“My first impression was of gorgeous golden hair and lively big eyes. … Her well molded nose and her white teeth completed the beauty of Edwina’s face. … Not only was the young girl lovely to look at, she was charming to talk to. She was interesting and vivacious and told stories of her African experiences with an evident pleasure in recalling them. There was not the faintest trace of affection in her manner.”

Sometime later, Edwina also talked of her African experience in a positive, upbeat manner to magazine writer Dick Hunt: “The scenery, the animals and the customs of the various tribes more than outweigh the hardships we encountered. … It was interesting enough for me to want to go back some day and experience it all over again.”

Ere long, however, Edwina suffered a physical and emotional collapse that reversed her opinion of the Dark Continent. During one year in Africa, she had achieved fame and gained the possibility of amassing great fortune, but she had not found happiness. In exchange for her six minutes of fame, Fate exacted a heavy price.

To aid in her recovery, MGM provided Edwina with a home in Del Rey for three months. A Hollywood magazine said the new star was hidden away from friends and the press in a beach cottage with a doctor and a nurse to take care of her.

After Edwina returned to her family’s common bungalow, a writer from a film magazine interviewed her and came to the conclusion that Edwina was “not quite back from Africa.” Speaking with a faraway look in her eyes, the actress told her guest that nothing in Africa looked sane, and everything she brought back had either been killed or was meant for killing.

Edwina told her listener the worst thing about being in Africa was not being able to sleep for more than ten minutes at a time. Even after returning home, she could only sleep an hour at a time before waking up thinking she was back in Africa and hearing the drums beating, the hyenas screaming and the natives chanting.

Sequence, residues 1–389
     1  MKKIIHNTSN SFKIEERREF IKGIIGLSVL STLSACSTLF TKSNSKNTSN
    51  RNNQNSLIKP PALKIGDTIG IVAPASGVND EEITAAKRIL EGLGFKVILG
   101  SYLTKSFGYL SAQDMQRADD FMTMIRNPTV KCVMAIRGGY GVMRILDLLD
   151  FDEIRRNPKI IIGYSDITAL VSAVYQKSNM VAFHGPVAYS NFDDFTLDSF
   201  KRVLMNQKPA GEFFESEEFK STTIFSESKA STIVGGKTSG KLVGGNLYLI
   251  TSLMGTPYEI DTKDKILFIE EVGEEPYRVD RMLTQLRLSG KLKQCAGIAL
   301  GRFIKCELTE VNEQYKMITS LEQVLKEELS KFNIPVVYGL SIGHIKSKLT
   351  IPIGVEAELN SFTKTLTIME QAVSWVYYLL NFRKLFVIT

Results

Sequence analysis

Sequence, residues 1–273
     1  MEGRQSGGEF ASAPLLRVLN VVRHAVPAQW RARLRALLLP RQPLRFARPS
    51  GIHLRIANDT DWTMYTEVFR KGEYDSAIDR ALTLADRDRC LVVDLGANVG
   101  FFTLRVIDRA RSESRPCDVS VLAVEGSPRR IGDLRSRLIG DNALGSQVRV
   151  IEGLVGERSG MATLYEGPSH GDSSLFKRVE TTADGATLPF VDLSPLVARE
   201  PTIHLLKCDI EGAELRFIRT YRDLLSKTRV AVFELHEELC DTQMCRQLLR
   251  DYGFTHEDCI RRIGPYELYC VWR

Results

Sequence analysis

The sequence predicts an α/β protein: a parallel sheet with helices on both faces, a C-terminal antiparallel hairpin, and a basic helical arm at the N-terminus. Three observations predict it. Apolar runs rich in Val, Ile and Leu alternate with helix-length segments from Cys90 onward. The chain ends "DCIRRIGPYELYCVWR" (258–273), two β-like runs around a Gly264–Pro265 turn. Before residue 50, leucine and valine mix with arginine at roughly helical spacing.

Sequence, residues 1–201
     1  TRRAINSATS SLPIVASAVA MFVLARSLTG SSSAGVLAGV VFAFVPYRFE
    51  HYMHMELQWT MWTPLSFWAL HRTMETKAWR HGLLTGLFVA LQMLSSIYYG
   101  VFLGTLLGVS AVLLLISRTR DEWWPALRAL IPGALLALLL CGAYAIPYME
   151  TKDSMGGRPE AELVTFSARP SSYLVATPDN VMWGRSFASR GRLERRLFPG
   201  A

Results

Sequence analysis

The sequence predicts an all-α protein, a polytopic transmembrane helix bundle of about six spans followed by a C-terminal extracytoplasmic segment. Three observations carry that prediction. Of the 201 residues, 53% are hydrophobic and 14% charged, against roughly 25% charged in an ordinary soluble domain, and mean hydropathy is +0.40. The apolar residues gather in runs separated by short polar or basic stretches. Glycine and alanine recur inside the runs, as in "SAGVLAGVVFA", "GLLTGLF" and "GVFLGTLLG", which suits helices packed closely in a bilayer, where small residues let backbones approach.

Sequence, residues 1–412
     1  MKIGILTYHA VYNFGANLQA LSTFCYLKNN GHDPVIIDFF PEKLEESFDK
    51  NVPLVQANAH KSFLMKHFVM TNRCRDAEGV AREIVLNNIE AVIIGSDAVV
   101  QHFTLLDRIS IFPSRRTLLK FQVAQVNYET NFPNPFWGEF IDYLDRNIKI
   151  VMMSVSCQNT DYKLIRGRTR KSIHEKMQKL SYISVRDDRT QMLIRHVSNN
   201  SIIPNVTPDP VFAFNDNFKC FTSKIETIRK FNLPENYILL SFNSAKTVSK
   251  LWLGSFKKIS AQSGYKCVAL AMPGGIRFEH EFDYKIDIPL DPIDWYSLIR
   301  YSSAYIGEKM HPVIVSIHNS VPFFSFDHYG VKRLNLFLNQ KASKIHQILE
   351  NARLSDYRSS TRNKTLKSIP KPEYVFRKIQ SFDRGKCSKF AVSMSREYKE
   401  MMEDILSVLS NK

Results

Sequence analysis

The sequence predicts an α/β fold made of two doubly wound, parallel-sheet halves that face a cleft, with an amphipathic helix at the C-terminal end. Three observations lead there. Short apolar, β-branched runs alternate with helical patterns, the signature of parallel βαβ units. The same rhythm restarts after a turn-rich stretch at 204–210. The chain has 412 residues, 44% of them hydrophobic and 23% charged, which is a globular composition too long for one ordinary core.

The ailing actress described her current condition to the writer:

“The doctor tells me now to try not to think about Africa. … It’s sort of like shell-shock, I suppose. While I was away, it didn’t seem so strange or — or terrifying. … Too many new and different experiences happened to me all at once. There wasn’t time to feel everything then, so I was saving it up. I knew I didn’t dare let go or I couldn’t go on working. … I feel as if I’ve had enough emotions to last me all my life.”

Film historian Kevin Brownlow suggested Edwina had suffered a nervous breakdown, and publicity about her physical illness was later used to cover it up.

Meanwhile, production on Trader Horn inched forward. For six months, editors worked on cutting the 5,000,000 feet of film to fit a story line. In spots, the sound was insufficient and some scenes needed to be reshot. Edwina’s illness slowed filming of the closeups in Culver City. She was so weak she could hardly sit up in the projection room to see the film shown.

The reshoots didn’t work, with the exception of a few closeups of Duncan and Edwina, so the audience saw the original film with touched up sound.

The film studio and the actress herself tried to convince the public that Trader Horn’s leading lady was not dying or “marked by the jungle fever.” An August 1930 article carried in the Denver Post claimed Edwina had suffered malaria, but she had recovered enough to shoot some closeups in the studio.

Edwina tried to make light of her problems. The Post quoted her as saying, “Some of the accounts they’ve printed are funny. One related that my life was numbered by days and by the time the picture is released I will be dead. … A third tells about the jungle fever that is slowly but surely killing me. It’s fine to be famous, but not in that way.” These accounts were not as outrageously funny as Edwina wanted the public to believe they were.